Chappie (2015)


Dave’s 3-Word Review:
District 9: Robots

Say what you will about Neil Blomkamp, but I’ve always really enjoyed his material. They might not be perfect in every which way, but they were always entertaining on one level, and infinitely important on a much deeper level – and the way he went about presenting these problems was usually really visually stunning and brilliantly laid out. Chappie finishes a spiritual trilogy in overall tones and concepts. Even though Blomkamp has said this is the only one without political undertones, it does have equally important, if not subtle morals strewn about.

Chappie stars, once again, Sharlto Copley in the lead – the first artificial intelligent robot in a futurist world filled with a robotic police force. Dev Patel plays Deon Wilson – the “creator” of artificial intelligence – and once Chappie is introduced to the new world, he acts like a child. Everything he learns is taught to him. When a group of thugs get a hold of him, they want to use him for their own criminal agenda, but Deon continually attempts to keep Chappie innocent and staying away from crime.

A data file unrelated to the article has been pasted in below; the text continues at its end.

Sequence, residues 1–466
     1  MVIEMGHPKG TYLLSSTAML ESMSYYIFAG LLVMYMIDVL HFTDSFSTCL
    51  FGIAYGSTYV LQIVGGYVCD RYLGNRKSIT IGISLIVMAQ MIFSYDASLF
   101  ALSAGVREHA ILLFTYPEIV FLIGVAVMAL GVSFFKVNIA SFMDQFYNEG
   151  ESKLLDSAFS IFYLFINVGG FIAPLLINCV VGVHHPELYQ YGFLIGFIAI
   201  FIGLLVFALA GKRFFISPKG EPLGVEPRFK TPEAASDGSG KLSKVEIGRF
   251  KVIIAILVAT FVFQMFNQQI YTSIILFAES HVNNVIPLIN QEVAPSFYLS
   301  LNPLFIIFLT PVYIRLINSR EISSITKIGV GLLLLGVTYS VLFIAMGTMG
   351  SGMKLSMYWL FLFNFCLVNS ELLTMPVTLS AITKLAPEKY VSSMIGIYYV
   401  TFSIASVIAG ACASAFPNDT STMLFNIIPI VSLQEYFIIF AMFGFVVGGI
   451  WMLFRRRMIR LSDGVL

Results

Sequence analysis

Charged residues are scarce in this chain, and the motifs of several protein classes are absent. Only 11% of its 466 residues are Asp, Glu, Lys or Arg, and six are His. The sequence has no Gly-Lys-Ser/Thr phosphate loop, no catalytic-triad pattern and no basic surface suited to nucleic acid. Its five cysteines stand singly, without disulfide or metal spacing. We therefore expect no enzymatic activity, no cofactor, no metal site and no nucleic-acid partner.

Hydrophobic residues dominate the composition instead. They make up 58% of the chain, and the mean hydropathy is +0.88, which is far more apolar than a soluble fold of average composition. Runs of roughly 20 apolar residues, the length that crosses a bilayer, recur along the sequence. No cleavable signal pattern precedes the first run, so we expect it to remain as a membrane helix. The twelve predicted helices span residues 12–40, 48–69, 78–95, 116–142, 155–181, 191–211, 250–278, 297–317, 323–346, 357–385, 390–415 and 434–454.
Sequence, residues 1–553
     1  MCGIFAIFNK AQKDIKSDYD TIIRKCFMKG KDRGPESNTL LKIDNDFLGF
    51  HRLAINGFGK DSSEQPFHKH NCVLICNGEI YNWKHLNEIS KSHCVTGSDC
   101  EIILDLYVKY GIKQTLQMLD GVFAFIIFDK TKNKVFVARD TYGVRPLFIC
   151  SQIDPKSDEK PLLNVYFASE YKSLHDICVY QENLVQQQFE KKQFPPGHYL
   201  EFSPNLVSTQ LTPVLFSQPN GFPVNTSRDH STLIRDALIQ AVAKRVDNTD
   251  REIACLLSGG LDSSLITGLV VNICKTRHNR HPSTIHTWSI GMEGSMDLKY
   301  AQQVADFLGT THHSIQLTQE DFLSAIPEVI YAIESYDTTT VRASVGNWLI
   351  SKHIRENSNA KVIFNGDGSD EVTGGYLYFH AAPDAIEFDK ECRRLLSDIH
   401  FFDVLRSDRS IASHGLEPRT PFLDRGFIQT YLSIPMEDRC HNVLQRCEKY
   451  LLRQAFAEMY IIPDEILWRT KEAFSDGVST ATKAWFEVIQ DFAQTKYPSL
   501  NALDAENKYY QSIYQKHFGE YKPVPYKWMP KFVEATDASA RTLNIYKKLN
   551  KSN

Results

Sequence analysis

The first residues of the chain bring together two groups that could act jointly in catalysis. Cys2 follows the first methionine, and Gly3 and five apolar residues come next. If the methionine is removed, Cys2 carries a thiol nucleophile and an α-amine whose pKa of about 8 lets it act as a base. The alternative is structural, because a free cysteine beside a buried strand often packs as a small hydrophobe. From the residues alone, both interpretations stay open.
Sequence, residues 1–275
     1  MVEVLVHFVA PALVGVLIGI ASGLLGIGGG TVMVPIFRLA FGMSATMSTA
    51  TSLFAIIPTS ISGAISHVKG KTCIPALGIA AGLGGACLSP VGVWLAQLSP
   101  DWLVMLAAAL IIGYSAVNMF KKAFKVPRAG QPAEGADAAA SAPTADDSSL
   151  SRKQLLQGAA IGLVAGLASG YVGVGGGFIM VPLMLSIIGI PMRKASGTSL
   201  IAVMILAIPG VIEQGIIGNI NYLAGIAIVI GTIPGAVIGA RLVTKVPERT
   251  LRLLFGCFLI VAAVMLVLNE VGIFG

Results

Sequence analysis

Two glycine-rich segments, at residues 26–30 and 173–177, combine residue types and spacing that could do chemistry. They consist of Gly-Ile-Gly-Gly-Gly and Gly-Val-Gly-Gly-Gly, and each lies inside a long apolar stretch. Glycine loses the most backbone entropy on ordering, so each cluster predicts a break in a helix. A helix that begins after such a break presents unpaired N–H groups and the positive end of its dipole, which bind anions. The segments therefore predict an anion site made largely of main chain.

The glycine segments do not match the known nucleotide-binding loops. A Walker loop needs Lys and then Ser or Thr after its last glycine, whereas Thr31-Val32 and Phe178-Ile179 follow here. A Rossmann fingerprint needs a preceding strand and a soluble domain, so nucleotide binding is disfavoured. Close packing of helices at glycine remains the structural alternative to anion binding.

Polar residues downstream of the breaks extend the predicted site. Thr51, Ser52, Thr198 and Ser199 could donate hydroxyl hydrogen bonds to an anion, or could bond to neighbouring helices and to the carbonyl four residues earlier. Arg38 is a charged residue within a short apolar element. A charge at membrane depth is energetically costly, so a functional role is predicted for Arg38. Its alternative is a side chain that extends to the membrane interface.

Interestingly enough, this film has a lot of comedic elements to it, mostly because it’s hilarious to see a robot act so much like a human while every other robot in the movie is just that – a robot. More than that though, there is a lot of elements in the film that are important when it comes to child neglect, abandonment, and abuse. If you ignore all the comedic parts and the thug storylines, you have Chappie, who is in essence, a mere child. The things they put him through would shock anyone if the character was a human boy – and things like that do happen.

It does have a pretty colossal flaw though, and I couldn’t for the life of me figure out why this was…but the villains in this movie are stupid. I mean it. The entire foundation of the plot has to do with the thugs wanting to kidnap Deon because they want a universal remote control that can turn of the police robots. Yeah. A remote control. Then, for random reasons, Hugh Jackman is in the mix doing questionable things as well because he wants the robot he created to be taken seriously. I get that, but I still couldn’t buy his character – maybe it was the short shorts.

All in all, I can easily say that I did enjoy the movie. I don’t know if it’s up to par with the other two movies, but it does have interesting elements that still make it feel unique and perfect for Blomkamp’s world. EVEN THOUGH it does take place in Johannesburg again.

The Good:

Chappie is a pretty interesting movie that displays certain thoughts towards mistreatment of children, but keeps everything light-hearted as well – as it has some pretty funny parts.

The Bad:

The villains. Every last villain in this movie is just dumb…like henchmen in Disney cartoons.


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